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Investigation of the protective action of the E₂ prostaglandins on the gastric mucosa

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Title: Investigation of the protective action of the E₂ prostaglandins on the gastric mucosa
Author: Bolton, John Philip
Degree Master of Science - MSc
Program Surgery
Copyright Date: 1977
Abstract: The prostaglandins are found throughout the body and are therefore thought to have some physiological role. It has been suggested that prostaglandin is concerned with the maintenance of gastric mucosal integrity. In a previous study of the gastric effects of the E₂ prostaglandins, natural prostaglandin E₂ (PGE₂), 15-methyl prostaglandin E₂ (15M), and 16.16-dimethyl prostaglandin E₂ (16DM), it was observed that all three agents appeared to increase mucus production and that 16DM appeared to stimulate a non-acid secretion in basal Heidenhain pouches. These properties of the E₂ prostaglandins have been studied in detail. (Experiments 1 and 2) It has previously been shown that 15M can prevent the damaging effect of aspirin and indomethacin on the gastric mucosal barrier. Using a model in which gastric mucosal barrier damage could be produced and sustained, the ability of these agents to reverse established damage was studied. (Experiment 3) Experiment 1: The effect of topical and intravenous E₂ prostaglandins on gastric mucus production was studied in rats by measuring both the amount of mucus shed into a small volume of normal saline in the closed stomach and the amount of mucus bound to the mucosa, over a three hour period. Mucus was measured indirectly by measuring the binding of Alcian Blue. All prostaglandins caused a significant increase in the mucus found in solution, but not in that bound to the mucosa. Experiment 2: The effect of topical and intravenous administration of the three E₂ prostaglandins on non-parietal cell secretion was measured in perfused canine Heidenhain pouches. The pouches were perfused with a non-acid solution. The increase in volume was measured using polyethylene glycol as a volume marker and the HCO₃⁻ content by the method of back titration. 16DM was found to cause a significant increase in the volume, and the fluid secreted contained Na⁺, Cl⁻ and HCO₃⁻. In the absence of acid it is suggested that this represents stimulation of non-parietal cells. Experiment 3: The reversal of aspirin induced damage to the gastric mucosal barrier was demonstrated in perfused canine Heidenhain pouches. The pouches were perfused for two hours with aspirin to produce gastric mucosal barrier damage, the aspirin was then withdrawn and the pouch perfused with acid alone. The effects of topical and intravenous prostaglandins and intravenous metiamide were tested during this latter period when established barrier damage existed. Intravenous PGE₂ and 15M reversed the damage, but topical prostaglandins and intravenous metiamide did not. It is concluded that the E₂ prostaglandins have a secretory effect on the basal gastric mucosa, causing an increase in mucus production and in non-parietal cell secretion. This previously unrecognised stimulation of active secretion has lead to the misinterpretation of permeability data for 16DM. These secretory effects may have some protective action. Intravenous PGE₂ and 15M can reverse established gastric mucosal barrier damage in the dog. This indicates the possibility of a therapeutic role for these agents in the management of conditions associated with disruption of the gastric mucosal barrier.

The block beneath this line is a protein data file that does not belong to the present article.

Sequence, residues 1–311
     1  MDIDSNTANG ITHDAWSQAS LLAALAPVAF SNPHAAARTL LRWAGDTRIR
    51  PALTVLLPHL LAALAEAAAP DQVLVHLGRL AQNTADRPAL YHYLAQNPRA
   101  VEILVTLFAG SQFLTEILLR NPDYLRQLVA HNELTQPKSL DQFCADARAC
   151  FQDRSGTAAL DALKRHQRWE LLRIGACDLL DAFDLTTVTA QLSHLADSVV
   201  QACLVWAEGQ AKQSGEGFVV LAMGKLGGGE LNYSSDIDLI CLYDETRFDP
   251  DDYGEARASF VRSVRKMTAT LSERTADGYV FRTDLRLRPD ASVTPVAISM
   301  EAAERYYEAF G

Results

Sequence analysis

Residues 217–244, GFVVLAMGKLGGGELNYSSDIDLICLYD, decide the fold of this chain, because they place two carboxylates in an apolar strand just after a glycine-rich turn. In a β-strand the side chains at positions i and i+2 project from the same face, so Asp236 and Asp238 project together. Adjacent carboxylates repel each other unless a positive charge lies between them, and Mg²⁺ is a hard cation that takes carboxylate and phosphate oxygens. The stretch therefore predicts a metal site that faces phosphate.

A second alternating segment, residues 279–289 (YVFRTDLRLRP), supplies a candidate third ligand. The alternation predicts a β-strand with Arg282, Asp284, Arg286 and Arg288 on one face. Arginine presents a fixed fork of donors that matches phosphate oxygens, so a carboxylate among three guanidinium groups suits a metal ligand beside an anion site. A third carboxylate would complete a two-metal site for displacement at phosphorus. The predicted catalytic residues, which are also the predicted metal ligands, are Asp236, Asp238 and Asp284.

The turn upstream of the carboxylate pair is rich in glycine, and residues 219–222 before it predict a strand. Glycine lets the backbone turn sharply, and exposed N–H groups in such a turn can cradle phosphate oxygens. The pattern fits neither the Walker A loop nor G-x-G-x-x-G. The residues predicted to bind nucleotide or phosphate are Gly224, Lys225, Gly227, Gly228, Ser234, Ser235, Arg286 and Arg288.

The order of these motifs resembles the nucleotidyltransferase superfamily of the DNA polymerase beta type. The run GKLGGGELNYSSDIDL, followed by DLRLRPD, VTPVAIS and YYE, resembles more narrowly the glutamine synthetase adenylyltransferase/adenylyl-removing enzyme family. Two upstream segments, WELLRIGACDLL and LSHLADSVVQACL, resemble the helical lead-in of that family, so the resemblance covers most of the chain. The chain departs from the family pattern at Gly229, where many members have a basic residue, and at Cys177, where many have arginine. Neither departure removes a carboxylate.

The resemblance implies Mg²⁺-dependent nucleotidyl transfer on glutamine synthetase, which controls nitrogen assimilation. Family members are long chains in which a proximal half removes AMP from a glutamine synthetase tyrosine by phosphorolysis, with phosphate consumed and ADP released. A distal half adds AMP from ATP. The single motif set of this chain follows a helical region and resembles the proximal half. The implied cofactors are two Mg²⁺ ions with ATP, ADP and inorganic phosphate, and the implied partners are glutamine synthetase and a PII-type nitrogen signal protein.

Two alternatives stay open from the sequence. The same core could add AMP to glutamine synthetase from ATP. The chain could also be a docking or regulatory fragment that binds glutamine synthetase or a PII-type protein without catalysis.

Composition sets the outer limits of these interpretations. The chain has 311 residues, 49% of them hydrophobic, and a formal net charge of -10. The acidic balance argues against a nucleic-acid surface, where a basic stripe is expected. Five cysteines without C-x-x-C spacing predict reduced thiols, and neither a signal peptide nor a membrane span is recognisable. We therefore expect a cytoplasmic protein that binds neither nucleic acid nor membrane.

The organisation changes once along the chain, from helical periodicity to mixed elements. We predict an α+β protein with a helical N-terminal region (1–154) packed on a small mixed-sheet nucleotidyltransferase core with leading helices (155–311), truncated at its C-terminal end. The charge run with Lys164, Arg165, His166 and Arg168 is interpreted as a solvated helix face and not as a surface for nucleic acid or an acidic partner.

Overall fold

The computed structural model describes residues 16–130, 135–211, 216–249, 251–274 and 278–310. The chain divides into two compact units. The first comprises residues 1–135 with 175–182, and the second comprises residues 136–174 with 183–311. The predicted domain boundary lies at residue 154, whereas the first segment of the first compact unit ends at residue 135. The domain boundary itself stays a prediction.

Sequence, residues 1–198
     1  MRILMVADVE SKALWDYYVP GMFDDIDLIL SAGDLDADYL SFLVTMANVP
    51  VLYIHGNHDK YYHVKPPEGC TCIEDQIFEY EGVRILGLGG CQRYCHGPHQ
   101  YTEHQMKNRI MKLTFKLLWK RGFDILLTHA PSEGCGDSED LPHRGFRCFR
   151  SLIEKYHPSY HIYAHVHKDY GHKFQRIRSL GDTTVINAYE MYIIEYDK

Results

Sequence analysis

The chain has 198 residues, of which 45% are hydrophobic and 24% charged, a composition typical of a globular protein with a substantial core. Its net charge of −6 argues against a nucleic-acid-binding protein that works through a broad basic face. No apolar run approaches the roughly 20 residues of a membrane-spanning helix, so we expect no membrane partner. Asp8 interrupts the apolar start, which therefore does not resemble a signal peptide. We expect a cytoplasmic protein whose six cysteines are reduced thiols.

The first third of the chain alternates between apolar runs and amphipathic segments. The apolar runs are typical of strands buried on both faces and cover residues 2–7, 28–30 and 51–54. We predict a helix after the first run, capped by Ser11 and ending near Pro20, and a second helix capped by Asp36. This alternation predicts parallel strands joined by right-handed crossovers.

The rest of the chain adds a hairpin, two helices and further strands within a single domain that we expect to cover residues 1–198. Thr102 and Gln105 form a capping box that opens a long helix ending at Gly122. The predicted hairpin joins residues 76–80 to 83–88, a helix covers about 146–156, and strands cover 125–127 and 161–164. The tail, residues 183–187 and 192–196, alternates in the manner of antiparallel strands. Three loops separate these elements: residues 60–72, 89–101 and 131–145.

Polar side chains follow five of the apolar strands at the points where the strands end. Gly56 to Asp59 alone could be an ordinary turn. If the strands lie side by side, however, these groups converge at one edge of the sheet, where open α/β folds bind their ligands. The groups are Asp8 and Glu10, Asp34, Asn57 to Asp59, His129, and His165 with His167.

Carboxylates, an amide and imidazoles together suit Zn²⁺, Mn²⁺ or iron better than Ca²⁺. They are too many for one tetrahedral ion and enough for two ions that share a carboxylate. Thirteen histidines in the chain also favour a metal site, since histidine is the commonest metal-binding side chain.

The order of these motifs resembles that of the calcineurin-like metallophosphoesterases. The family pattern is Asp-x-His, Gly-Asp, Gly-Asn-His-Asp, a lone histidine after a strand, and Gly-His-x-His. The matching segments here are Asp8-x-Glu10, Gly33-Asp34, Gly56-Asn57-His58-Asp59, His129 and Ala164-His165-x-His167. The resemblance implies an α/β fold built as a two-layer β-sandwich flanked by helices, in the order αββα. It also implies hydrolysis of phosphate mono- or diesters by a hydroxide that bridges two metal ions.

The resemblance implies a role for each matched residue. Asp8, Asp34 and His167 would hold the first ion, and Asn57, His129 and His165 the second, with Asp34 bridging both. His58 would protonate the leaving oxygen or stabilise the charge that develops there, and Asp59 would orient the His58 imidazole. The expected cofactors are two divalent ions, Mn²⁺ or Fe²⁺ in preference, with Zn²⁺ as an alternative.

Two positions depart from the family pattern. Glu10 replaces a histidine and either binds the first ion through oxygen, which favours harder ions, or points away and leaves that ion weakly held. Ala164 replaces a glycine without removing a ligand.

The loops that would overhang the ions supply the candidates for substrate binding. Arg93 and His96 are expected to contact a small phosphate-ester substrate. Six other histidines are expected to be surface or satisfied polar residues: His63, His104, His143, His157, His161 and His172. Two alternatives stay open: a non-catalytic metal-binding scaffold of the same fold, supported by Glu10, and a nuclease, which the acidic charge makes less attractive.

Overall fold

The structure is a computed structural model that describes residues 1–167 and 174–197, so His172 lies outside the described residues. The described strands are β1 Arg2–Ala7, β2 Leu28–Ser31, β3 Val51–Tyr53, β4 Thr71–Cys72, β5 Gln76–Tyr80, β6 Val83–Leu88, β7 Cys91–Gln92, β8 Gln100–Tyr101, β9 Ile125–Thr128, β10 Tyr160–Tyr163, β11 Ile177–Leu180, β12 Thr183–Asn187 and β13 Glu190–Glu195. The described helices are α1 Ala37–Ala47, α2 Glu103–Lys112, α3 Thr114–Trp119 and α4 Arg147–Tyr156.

URI: http://hdl.handle.net/2429/20244
Series/Report no. UBC Retrospective Theses Digitization Project [http://www.library.ubc.ca/archives/retro_theses/]

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